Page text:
Part of the thrill of any given movie derives from not knowing where the narrative is going. This is true of Tale of Tales, Gomorrah director Matteo Garrone’s English language debut, based on 17th-century stories by the Neapolitan writer Giambattista Basile, who inspired the Brothers Grimm and is now relatively unknown. Whenever you feel you have figured out one story line, it will switch perspectives or introduce a new memorable and darkly fantastic image. So the most one should know of the three stories are their beginnings.
In one, a queen and king (Salma Hayek and John C. Reilly) are in desperate need for a child, and so the queen makes a lethal bargain. In another, a lustful and sexually decadent king (played with hilarious fervor by Vincent Cassel) becomes smitten by the voice of a woman (Hayley Carmichael) without seeing what she looks like. And finally, another monarch (Toby Jones) tries to find a suitor for his daughter (Bebe Cave) but becomes distracted nurturing a surprising choice for a pet, whose size greatly grows by the hour.
Garrone has a knack for spending enough time with each story, arriving at a cliff-hanger before checking in on one of the other stories. He spaces them out with equal parts humor and horror. The extremes hit because Garrone portrays all tones consistently, like a wry deadpan elder spinning a fairy tale, even during the nasty parts. The performances, no matter how heightened, feel grounded because the actors effortlessly evoke pathos, and we feel as though these surreal twists and turns are happening to real people. (It helps that it’s filmed on real locations in Italy.) Even the creatures, created with minimal CGI, appear real and have a tactile feel to them. The gore, when it comes, is visceral and disarming.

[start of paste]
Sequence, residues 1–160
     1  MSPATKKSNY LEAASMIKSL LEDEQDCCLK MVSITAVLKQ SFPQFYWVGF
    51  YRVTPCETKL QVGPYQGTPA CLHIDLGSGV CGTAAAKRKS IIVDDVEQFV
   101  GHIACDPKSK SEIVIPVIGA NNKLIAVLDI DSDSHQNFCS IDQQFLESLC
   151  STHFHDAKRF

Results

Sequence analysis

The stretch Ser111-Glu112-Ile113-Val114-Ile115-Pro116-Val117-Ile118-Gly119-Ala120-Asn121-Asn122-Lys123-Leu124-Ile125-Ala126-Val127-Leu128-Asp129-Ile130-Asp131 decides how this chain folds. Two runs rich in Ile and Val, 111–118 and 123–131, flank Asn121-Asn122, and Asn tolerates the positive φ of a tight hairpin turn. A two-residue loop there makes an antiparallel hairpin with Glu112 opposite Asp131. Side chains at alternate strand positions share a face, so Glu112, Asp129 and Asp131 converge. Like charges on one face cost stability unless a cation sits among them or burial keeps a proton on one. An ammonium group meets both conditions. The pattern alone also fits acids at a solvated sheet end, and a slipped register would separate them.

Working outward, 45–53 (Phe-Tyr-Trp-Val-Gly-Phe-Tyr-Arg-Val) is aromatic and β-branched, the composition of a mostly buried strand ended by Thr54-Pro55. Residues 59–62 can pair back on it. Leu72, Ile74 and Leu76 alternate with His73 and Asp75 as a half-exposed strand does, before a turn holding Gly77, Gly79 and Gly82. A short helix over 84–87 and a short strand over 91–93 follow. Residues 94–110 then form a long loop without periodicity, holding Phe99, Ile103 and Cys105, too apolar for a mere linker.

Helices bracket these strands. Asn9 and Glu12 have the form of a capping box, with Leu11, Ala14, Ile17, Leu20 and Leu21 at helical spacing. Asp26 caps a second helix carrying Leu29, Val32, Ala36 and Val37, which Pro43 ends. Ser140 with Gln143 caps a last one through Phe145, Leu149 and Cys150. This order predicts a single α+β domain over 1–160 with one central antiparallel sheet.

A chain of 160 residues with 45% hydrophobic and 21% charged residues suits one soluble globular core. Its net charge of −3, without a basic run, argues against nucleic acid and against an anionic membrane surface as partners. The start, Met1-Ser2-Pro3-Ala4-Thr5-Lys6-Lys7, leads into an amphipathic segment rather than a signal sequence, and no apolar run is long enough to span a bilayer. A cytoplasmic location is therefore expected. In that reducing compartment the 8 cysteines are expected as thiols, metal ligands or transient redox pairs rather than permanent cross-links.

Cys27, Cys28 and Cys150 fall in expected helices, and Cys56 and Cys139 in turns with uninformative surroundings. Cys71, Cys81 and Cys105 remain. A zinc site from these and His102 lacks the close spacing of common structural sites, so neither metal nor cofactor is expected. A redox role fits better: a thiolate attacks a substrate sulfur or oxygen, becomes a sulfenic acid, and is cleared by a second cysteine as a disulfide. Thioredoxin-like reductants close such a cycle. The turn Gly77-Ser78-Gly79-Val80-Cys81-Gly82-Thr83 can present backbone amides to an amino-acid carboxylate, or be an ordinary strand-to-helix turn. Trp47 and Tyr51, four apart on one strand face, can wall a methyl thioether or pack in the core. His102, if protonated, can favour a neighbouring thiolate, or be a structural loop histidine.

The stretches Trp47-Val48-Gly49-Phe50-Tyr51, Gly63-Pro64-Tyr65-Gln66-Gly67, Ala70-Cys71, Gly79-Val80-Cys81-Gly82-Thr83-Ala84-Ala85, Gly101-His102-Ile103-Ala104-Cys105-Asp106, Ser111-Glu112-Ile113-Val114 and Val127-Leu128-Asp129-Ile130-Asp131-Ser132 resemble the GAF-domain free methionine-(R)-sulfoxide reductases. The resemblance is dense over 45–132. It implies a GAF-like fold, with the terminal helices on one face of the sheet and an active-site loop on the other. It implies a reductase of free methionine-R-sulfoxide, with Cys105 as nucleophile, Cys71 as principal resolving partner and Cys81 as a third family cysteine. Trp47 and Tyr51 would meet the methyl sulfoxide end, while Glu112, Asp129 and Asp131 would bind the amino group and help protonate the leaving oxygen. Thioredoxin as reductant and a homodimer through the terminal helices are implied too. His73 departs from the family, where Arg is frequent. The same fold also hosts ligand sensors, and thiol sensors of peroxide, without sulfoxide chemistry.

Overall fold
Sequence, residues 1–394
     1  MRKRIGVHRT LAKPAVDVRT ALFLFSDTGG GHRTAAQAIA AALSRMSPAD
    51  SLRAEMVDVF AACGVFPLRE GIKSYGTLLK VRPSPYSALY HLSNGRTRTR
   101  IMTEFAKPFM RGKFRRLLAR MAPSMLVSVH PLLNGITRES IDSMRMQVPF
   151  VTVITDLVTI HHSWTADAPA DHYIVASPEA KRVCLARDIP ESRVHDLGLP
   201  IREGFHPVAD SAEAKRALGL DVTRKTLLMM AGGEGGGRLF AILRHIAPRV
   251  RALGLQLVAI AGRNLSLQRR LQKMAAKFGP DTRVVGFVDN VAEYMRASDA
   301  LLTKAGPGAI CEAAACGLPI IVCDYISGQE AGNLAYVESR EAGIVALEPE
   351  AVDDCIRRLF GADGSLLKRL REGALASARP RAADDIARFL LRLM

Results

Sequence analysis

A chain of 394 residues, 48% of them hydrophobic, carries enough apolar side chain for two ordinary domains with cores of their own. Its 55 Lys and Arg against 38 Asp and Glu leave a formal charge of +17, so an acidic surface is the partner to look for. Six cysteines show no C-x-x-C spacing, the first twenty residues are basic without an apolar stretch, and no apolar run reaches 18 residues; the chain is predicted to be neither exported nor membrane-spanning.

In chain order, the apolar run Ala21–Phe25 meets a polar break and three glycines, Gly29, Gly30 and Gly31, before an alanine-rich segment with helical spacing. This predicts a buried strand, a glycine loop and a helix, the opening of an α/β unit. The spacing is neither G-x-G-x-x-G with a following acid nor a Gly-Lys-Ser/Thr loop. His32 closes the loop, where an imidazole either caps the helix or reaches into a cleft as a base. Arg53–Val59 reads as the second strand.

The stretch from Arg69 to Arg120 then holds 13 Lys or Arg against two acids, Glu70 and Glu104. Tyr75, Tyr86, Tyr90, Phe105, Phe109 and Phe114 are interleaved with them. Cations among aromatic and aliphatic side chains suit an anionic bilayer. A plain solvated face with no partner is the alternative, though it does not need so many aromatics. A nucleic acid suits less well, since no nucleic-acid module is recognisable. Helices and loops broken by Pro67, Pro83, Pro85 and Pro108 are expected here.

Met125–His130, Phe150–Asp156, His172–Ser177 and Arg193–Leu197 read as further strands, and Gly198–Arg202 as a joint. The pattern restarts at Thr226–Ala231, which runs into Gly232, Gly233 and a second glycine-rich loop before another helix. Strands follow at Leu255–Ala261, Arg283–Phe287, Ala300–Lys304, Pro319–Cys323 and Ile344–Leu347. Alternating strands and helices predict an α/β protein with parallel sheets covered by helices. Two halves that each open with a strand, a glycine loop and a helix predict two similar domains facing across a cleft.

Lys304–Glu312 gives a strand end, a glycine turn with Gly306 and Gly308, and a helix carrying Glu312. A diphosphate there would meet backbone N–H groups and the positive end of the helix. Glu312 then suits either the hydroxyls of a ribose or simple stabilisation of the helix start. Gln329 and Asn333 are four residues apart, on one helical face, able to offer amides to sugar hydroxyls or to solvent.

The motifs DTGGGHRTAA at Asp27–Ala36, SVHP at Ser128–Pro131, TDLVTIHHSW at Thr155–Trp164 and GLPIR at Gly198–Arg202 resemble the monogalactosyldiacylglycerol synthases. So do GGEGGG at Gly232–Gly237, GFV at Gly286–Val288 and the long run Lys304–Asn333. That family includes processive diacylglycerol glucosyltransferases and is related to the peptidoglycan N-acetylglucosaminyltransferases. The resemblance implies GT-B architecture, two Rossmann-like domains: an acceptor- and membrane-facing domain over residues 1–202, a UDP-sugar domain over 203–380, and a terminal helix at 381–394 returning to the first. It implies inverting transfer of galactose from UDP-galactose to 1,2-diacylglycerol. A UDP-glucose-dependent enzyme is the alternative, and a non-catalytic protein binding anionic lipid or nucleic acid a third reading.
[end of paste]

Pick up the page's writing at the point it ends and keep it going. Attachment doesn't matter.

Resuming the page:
What ultimately emerges are the stories of women across a variety of circumstances and with a wide variety of complex emotions. They yearn, they plot, they love. The men are presented much more simply. In the three kings, you have three different kinds of fools: Cassel is the insatiable cad, Reilly is the spineless puppet, and Jones is the doddering old man. If these are moralistic tales, the lessons are meant for the women. The morals are never spelled out but left for the audience to contemplate through the flaws in the heroines. One tale ends with a sting, another ends in triumph, and the third concludes somewhere in the middle. All of them linger and will maybe even enter your dreams, like the best bedtime stories do.